If you’re just joining us, the three previous parts in this series summarized how ownership of conventional single-family dwellings differs from ownership of condominiums or co-op apartments and when the IRS will allow owners of co-op apartments to build up the adjusted basis for their apartment. This article, part four, will summarize other increases or decreases to adjusted basis.
How a co-op owner should calculate gain when they sell their apartment. Sellers are liable for taxes when they realize gains greater than the profit exclusions authorized by Internal Revenue Code Section 121. The exclusions are as much as $500,000 for married persons who file joint returns or $250,000 for those who file single returns or married couples who file separate returns.
An owner’s sale results in a gain only when the amount that they realize on the sale exceeds their apartment’s adjusted basis, the figure they must use to determine gain from a sale.
Most owners’ basis begins with the original purchase price. This includes any debt they assume, such as a mortgage, as well as certain settlement or closing costs connected with the purchase, such as an attorney’s fee and filing an application with the co-op board, as mentioned in part two.
Capital improvements. During the years of apartment ownership, their basis inevitably undergoes adjustments or revisions. The IRS allows them to adjust upwards for what they have spent on within-the-apartment capital improvements, as opposed to repairs.
The agency allows basis increases that reflect their share of board-authorized special assessments for capital improvements that benefit all apartments, such as replacing rugs in corridors or renovating lobbies. Ditto for their share of mortgage amortization payments, that is, payments of principal on the underlying mortgage for their building.
Casualty and theft-loss deductions. Will the IRS also require them to adjust downwards if they satisfied the requirements for such deductions? Only if they qualified, and they probably didn’t.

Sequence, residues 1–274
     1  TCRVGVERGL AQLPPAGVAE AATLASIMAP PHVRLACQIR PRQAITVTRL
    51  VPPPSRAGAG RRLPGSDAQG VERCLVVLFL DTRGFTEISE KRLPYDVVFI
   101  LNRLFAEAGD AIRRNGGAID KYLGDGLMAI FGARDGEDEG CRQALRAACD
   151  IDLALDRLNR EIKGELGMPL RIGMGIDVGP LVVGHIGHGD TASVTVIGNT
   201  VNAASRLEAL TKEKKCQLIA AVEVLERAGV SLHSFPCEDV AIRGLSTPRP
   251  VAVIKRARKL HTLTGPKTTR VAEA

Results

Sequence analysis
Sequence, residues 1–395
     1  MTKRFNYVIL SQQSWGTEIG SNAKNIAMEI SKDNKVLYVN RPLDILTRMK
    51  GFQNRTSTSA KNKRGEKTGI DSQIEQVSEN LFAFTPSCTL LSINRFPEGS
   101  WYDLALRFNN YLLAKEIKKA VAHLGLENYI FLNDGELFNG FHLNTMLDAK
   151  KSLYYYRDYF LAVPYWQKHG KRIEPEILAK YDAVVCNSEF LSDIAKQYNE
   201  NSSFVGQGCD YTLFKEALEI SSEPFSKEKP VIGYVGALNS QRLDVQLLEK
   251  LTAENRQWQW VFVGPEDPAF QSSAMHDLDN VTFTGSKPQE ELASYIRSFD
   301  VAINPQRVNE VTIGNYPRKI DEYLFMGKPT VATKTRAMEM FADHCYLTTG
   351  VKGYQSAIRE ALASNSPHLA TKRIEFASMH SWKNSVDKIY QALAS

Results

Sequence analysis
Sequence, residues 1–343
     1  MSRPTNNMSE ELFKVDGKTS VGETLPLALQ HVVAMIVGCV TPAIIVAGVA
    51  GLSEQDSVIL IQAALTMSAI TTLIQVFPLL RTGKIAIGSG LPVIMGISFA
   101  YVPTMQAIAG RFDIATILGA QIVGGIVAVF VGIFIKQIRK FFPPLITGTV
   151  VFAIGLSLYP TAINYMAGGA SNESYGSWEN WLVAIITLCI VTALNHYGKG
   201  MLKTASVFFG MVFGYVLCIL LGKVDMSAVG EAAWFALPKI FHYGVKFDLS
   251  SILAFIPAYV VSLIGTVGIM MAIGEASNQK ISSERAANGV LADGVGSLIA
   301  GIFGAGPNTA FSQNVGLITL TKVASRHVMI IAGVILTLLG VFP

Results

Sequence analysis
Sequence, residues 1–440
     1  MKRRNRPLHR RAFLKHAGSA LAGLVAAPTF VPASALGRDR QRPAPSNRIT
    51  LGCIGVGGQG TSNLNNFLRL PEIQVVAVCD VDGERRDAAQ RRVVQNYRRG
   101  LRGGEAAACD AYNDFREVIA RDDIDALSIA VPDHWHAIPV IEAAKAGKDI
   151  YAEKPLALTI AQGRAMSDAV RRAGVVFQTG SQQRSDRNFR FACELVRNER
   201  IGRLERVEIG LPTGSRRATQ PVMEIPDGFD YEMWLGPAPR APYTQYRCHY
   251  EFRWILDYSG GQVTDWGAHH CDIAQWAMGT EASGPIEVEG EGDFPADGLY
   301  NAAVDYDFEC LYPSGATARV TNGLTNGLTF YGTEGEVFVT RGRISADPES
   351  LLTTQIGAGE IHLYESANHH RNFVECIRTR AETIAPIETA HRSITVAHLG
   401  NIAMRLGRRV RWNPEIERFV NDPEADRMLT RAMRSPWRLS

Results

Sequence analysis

Here’s how these rules work. The Tax Cuts and Jobs Act severely curtailed deductions for casualty and theft losses.
The restrictions apply only for 2018 through 2025. The rules that applied for 2017 and earlier already imposed severe limits on deductions for losses claimed by property owners whose homes, household goods and other property suffer damage or destruction due to unpredictable events (Internal Revenue Code Section 165 (h)).
What kinds of events pass muster? Only those that are “sudden, unexpected or unusual.” The wide-ranging list of unpredictable misfortunes includes earthquakes, fires, floods, hurricanes, landslides, lightning, sonic booms, storms, tornadoes, tsunamis and volcanic eruptions.
The old rules authorized a big barrier. Code Section 165 (h) specified that losses for personal-use assets, after reductions for insurance reimbursements, generally were deductible only to the extent that the total amount in any one year surpassed 10 percent of an owner’s adjusted gross income.
While the TCJA retained the 10-percent threshold, it added restrictions for 2018 and later years. Generally, owners are able to avail themselves of deductions for uninsured casualty losses only when they satisfy two requirements: first, they suffer losses that are attributable to natural disasters like floods and wildfires, and second, losses occur in disaster areas declared by the president to be eligible for federal assistance.
What’s next. Part five will discuss other instances when co-op apartment owners must increase or decrease their adjusted basis.